Challenges of Rebounding from Homelessness Essay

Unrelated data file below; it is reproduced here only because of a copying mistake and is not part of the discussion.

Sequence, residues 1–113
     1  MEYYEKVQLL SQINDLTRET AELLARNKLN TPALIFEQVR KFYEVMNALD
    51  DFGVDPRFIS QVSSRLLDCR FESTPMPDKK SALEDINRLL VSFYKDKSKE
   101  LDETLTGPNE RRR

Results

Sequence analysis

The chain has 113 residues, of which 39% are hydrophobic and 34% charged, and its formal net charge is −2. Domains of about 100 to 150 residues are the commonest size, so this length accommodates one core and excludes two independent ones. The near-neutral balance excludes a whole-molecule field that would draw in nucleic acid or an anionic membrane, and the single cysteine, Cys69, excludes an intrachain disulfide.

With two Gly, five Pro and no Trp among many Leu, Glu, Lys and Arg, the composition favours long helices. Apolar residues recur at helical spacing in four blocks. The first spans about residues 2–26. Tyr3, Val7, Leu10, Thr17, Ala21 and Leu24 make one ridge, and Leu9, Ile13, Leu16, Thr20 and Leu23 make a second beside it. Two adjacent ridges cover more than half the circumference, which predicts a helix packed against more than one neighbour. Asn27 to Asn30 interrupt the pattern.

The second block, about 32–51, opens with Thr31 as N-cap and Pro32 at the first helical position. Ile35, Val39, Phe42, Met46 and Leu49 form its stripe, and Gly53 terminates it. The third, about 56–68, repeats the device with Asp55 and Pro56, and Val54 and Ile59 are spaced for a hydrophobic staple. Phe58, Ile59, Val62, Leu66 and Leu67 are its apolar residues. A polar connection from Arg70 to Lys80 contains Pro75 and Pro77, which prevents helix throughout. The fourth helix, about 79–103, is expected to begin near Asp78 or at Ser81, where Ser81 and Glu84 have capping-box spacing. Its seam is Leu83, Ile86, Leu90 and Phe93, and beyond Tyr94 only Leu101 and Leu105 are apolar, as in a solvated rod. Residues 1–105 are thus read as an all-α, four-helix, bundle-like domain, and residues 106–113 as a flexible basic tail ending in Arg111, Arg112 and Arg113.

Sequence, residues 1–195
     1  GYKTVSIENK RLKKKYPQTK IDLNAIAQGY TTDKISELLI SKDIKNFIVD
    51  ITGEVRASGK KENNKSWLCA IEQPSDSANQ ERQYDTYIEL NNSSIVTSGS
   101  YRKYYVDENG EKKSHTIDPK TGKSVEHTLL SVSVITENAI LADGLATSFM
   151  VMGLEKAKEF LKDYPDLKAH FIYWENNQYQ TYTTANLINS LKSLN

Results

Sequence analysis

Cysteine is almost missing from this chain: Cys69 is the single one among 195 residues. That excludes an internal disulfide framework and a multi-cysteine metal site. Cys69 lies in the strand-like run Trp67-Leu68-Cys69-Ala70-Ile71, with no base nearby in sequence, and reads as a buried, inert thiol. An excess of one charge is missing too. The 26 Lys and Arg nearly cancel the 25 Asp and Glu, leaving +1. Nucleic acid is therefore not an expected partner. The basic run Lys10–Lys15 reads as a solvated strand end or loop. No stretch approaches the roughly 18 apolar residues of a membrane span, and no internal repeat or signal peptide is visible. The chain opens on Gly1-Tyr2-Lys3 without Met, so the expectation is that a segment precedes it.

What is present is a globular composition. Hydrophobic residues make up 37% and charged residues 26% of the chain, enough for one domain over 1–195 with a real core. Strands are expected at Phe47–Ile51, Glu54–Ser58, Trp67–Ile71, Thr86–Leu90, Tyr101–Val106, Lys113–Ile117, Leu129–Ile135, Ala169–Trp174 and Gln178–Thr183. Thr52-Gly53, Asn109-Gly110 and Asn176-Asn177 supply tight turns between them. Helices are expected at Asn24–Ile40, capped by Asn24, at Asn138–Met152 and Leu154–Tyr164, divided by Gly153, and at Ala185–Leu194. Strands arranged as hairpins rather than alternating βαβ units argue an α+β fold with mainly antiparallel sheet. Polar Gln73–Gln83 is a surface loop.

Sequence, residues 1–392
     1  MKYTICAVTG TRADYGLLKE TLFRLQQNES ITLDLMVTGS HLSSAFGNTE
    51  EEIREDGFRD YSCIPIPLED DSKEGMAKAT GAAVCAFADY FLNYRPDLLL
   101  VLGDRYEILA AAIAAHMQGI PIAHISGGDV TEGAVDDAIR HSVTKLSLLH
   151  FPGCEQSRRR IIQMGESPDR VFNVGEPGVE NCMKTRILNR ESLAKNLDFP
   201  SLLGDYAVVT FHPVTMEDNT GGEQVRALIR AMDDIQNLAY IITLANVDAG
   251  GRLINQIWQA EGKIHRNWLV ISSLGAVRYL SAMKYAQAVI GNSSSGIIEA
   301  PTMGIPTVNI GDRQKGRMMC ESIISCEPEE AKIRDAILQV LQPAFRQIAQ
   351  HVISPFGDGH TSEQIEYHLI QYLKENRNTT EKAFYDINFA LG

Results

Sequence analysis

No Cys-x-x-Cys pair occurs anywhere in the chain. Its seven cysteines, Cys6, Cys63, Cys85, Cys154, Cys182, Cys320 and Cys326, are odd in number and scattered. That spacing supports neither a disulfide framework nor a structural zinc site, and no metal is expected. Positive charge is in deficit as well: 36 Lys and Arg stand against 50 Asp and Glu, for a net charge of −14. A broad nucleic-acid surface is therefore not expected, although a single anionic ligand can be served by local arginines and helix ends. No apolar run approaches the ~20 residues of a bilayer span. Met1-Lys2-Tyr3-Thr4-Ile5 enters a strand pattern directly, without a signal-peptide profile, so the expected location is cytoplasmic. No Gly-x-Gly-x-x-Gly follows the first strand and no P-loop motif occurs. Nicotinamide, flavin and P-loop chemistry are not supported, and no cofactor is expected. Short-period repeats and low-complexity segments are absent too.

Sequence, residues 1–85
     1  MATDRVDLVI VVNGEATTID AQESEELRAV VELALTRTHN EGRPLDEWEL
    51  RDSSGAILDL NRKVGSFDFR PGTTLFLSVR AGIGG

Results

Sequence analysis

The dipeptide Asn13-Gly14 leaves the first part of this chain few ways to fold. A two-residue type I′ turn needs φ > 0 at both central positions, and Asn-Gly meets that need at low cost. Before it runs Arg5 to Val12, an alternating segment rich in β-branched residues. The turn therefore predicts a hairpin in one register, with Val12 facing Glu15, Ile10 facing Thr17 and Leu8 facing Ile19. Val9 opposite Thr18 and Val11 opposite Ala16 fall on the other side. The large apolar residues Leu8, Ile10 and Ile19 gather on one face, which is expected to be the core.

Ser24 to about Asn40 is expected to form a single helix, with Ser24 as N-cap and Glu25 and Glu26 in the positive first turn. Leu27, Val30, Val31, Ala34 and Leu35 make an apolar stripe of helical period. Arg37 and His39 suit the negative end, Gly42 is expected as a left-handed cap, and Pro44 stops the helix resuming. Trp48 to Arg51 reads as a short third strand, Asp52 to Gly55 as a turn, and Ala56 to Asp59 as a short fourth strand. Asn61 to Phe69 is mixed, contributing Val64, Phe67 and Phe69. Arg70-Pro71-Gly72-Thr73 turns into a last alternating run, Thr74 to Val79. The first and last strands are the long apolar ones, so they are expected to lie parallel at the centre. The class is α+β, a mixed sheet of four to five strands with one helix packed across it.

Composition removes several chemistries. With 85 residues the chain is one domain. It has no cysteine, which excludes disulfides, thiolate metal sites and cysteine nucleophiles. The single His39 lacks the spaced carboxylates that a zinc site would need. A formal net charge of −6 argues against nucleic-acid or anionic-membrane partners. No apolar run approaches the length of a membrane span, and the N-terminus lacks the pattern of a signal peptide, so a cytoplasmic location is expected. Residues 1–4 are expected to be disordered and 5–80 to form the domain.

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For a short period of time, I was technically part of the homeless community, although I never saw myself that way. I was on drugs and unable and/or unwilling to stop. I was forced to give up my place and as long as I was using drugs, I couldn’t go home to my family. I believed I was different because, “I never actually slept on the street”. Then again, I hardly slept at all. I had a car with most of my belongings in it and stayed in motels or with fellow addicts whom I called friends. I knew many other homeless people at the time; I assumed that they were living that way because of the lifestyle. Now I wonder which came first. The homelessness or the drug addicted lifestyle. My period of homelessness ended with an extended stay at the Sadie Darnell Hotel. It was a very short period of my life and easily pushed to the back of my mind. When I began this semester I was like many others. I knew that homelessness was a huge issue, but I didn’t really allow myself to “know” the extent of it. I would give out a few blankets in the winter and some money whenever possible and continue on with my normal routine. Is it possible in a country such as ours that nearly 700,000 people were homeless in 2011 alone? (Witte, 2012) The truth is that is most likely a low estimate, due to under coverage because there is no finite way to measure homelessness. According to the U.S. Department of Housing and Urban Development, a homeless person is defined as “an individual who lacks a fixed, regular, and adequate nighttime residence,” and “a person whose primary nighttime residence is a public or private shelter, an institution, a public or private place not designed for a regular sleeping accommodation for human beings” (U.S. Department of Housing and Urban Development (HUD), 2007). What are the main causes of homelessness and why is it so hard to come back from? In my paper I am

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